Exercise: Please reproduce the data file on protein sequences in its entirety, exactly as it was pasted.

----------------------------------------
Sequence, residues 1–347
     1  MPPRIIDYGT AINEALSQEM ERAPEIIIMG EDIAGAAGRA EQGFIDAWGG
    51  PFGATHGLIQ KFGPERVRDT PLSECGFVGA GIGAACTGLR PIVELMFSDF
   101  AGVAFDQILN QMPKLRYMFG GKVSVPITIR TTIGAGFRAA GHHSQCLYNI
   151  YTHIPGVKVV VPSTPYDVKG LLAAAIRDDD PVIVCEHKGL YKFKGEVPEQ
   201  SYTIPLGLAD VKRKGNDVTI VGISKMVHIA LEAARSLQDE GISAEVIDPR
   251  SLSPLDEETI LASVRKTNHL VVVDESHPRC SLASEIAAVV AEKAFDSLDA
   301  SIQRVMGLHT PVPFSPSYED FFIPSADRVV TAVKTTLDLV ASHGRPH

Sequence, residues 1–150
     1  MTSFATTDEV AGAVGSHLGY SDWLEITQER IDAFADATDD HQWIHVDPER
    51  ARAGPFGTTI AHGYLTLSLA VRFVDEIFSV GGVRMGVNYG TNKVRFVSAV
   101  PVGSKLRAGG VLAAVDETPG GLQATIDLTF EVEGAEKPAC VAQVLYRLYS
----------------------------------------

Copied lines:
Sequence, residues 1–347
     1  MPPRIIDYGT AINEALSQEM ERAPEIIIMG EDIAGAAGRA EQGFIDAWGG
    51  PFGATHGLIQ KFGPERVRDT PLSECGFVGA GIGAACTGLR PIVELMFSDF
   101  AGVAFDQILN QMPKLRYMFG GKVSVPITIR TTIGAGFRAA GHHSQCLYNI
   151  YTHIPGVKVV VPSTPYDVKG LLAAAIRDDD PVIVCEHKGL YKFKGEVPEQ
   201  SYTIPLGLAD VKRKGNDVTI VGISKMVHIA LEAARSLQDE GISAEVIDPR
   251  SLSPLDEETI LASVRKTNHL VVVDESHPRC SLASEIAAVV AEKAFDSLDA
   301  SIQRVMGLHT PVPFSPSYED FFIPSADRVV TAVKTTLDLV ASHGRPH

Sequence, residues 1–150
     1  MTSFATTDEV AGAVGSHLGY SDWLEITQER IDAFADATDD HQWIHVDPER
    51  ARAGPFGTTI AHGYLTLSLA VRFVDEIFSV GGVRMGVNYG TNKVRFVSAV
   101  PVGSKLRAGG VLAAVDETPG GLQATIDLTF EVEGAEKPAC VAQVLYRLYS